Reviewed by Varnada Karriem-Norwood on December 12, 2011
The Arthritis Foundation Centers for Disease Control and Prevention. W. Hayes Wilson, MD, Chief of Rheumatology, Piedmont Hospital, Atlanta, GA Piedmont Rheumatology Consultants, P.C.
© 2006 WebMD, Inc. All rights reserved.
Narrator: Peggy Sammon is one of over two million Americans who have endured the fatigue, morning stiffness and chronic pain associated with rheumatoid arthritis.
W. Hayes Wilson, MD: And it generally is bilaterally symmetrical, meaning it's on both sides of the body.
Narrator: So, for example, if you have it in your right hand you'll very likely have it in your left as well. As both a patient and a member of Dr. Wilson's office staff, Peggy knows the symptoms of Rheumatoid arthritis all too well.
Peggy Sammon: You can't hardly get up out the bed and it's difficult to walk.
Narrator: Unlike the more prevalent osteoarthritis, the rheumatoid variety is an auto-immune disorder where, for unknown reasons, the lining of the joints, or synovium, is attacked by the body's own immune system. The barrage causes swelling and intense pain and eventually compromises the cartilage and bone. Doctors like Wilson use many techniques to diagnosis the condition, such as evaluating whether certain agents are present in the blood, testing fluid from the affected joints, and examining X-rays, but...
W. Hayes Wilson, MD: In the end the diagnosis of rheumatoid arthritis, unfortunately, can't be made on a lab test. It really takes an expert putting all the clues together to make that diagnosis. Where you see on this one for instance it's pretty normal. On this one there's clearly a bite out.
: Well let's have a look at the wrist.
Narrator: Even experts admit there is still much they don't know about how rheumatoid arthritis strikes.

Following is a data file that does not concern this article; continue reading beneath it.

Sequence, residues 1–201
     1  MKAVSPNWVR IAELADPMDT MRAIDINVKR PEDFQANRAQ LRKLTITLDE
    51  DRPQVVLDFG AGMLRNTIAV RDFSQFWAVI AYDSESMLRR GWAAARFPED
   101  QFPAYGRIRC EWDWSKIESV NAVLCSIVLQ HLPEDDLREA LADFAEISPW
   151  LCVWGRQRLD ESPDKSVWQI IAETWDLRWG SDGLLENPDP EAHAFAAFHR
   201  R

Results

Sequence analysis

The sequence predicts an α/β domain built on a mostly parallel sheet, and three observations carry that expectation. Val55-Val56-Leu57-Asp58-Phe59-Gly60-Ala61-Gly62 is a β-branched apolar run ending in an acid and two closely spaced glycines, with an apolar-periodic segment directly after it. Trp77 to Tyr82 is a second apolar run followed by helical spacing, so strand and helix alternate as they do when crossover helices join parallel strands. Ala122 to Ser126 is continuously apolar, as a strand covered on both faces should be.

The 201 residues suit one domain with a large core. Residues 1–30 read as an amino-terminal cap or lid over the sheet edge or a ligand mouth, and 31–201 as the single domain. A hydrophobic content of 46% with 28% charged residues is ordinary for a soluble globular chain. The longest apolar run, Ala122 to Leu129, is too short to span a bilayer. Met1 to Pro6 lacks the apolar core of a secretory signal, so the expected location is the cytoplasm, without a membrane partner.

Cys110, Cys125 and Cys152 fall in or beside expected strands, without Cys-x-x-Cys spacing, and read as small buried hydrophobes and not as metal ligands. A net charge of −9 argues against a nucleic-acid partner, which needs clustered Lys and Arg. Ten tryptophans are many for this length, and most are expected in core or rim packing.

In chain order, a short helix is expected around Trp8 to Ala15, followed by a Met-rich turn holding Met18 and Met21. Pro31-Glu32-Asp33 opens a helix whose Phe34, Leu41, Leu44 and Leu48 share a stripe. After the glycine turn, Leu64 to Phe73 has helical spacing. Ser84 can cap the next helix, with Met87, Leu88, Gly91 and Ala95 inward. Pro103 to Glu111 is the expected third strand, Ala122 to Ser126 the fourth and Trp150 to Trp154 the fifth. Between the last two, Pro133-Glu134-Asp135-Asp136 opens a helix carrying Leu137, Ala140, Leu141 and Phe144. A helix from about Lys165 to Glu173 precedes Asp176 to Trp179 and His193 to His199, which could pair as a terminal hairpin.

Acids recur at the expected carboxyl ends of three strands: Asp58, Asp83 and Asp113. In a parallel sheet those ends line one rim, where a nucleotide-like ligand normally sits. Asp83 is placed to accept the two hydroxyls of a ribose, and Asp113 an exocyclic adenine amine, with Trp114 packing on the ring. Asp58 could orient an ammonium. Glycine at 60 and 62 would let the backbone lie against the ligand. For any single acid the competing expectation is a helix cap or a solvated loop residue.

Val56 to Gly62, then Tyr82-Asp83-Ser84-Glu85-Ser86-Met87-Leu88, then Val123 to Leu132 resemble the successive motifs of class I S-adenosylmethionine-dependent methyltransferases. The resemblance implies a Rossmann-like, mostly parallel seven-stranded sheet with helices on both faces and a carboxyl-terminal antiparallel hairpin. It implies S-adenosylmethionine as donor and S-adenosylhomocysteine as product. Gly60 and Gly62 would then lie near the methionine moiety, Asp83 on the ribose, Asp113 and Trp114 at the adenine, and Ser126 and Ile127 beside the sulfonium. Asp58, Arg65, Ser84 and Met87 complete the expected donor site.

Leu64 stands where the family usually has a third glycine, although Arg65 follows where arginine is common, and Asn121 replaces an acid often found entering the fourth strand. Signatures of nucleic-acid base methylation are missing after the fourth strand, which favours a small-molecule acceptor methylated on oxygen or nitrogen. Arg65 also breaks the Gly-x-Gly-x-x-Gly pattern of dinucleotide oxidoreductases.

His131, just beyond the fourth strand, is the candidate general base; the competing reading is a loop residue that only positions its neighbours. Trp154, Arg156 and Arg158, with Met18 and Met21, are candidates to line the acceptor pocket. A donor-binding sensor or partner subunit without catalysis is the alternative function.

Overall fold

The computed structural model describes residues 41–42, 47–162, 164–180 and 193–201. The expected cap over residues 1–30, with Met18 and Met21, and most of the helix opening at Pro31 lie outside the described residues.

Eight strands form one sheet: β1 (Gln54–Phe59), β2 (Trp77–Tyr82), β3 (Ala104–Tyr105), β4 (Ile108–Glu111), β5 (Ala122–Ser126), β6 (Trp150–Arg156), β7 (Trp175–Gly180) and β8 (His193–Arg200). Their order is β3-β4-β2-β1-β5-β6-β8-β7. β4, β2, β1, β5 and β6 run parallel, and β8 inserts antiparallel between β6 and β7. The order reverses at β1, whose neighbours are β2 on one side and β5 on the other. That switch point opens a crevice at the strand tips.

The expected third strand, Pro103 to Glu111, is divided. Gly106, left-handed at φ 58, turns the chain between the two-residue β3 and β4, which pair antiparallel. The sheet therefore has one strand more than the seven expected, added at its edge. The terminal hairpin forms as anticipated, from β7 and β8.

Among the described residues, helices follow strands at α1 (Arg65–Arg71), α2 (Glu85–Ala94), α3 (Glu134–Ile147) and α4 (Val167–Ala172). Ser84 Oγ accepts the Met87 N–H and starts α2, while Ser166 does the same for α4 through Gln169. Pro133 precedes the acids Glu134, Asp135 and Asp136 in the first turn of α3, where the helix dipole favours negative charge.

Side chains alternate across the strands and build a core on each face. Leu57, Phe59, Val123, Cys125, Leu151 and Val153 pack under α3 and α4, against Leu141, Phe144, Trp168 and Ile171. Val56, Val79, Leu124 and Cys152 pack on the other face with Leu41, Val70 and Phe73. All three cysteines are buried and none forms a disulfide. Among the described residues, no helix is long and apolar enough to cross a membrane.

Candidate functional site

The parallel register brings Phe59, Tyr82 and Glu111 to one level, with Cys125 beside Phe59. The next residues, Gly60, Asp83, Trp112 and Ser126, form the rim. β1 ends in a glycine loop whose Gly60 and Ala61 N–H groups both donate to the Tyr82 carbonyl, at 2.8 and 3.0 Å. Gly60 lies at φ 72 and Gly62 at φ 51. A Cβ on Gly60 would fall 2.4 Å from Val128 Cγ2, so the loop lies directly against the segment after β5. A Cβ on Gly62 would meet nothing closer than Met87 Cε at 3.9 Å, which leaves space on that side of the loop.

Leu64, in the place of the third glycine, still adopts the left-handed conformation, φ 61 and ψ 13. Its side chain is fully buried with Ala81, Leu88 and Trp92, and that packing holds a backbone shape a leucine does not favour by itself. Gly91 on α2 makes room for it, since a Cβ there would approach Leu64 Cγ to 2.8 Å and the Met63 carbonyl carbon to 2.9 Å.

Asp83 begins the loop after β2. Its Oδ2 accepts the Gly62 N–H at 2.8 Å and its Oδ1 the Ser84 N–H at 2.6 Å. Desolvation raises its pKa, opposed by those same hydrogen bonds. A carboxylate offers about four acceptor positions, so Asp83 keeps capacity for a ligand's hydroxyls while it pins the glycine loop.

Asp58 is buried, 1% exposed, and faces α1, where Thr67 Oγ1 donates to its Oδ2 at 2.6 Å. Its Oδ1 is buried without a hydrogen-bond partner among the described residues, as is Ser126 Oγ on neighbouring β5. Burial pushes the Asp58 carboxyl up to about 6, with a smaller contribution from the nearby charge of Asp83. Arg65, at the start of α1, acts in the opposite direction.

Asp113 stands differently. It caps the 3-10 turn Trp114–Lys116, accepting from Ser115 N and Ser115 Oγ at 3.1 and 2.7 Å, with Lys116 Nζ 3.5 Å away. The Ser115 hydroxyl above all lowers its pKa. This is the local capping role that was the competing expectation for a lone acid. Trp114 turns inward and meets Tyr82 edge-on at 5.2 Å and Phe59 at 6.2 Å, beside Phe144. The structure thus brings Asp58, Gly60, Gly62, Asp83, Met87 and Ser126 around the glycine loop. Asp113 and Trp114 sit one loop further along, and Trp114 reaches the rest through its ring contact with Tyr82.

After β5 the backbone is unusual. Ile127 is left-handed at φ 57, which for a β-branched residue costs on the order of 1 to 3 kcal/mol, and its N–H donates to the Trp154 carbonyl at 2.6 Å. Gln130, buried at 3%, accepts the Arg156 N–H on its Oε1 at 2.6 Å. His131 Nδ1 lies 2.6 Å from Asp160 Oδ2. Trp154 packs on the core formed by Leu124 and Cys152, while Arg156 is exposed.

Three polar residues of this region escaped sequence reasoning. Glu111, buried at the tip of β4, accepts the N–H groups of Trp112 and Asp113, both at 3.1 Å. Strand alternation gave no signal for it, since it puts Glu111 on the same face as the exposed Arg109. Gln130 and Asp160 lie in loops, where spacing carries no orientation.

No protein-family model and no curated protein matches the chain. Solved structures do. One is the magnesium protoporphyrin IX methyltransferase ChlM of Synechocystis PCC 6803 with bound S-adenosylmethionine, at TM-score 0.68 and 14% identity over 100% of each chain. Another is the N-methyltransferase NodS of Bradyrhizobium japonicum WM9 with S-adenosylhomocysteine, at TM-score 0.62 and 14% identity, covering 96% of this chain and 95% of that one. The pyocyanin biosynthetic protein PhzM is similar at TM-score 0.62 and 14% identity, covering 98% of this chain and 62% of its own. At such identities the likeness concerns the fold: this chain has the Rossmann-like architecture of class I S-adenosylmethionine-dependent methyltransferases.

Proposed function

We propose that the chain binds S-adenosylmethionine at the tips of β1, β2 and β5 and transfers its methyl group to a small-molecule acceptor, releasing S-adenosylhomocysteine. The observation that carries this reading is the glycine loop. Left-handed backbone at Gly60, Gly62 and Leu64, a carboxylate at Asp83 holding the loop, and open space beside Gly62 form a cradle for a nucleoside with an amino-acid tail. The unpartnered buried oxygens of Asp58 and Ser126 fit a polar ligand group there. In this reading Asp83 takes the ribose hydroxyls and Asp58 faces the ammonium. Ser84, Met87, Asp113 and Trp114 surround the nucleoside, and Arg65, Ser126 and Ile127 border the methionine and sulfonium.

Peggy Sammon: I say I'm like a barometer, you know. I can tell when there's a front coming through.
W. Hayes Wilson, MD: It's more than a myth—it really is true that changes in barometric pressure, humidity and temperature really do have an effect on patients with rheumatoid arthritis.
Narrator: Many treatments are used to stave off the painful effects of RA, including hot and cold soaks, various types of exercise and physical therapy. A panoply of medicines are also used, starting with aspirin, and currently ending with drugs called biologic agents that work by suppressing specific components of the body's immune system.
Peggy Sammon: A biggest difference—I'm not as stiff in the mornings when I get up. If I stop during the day and rest a little bit, it doesn't—I don't have that pain of getting up and getting going again.
: Ok, put your chin on your chest
Narrator: Because bio-agents can leave patients more vulnerable to infection, the periodic injections must sometimes be suspended and replaced by a regimen of antibiotics. It's a tradeoff many rheumatologists readily accept when considering the alternative of not treating.
W. Hayes Wilson, MD: Well rheumatoid arthritis that goes untreated sometimes the hands can become contracted, where they can't even open up, so at that point there's nothing we can do.
Narrator: But researchers are currently working on a vaccine and many experts are hopeful for even more.
W. Hayes Wilson, MD: I do believe that it would be realistic to think in my lifetime that we will find a cure for rheumatoid arthritis.
Narrator: Such optimism holds great promise for patients like Peggy Sammon. For WebMD, I'm Damon Meharg.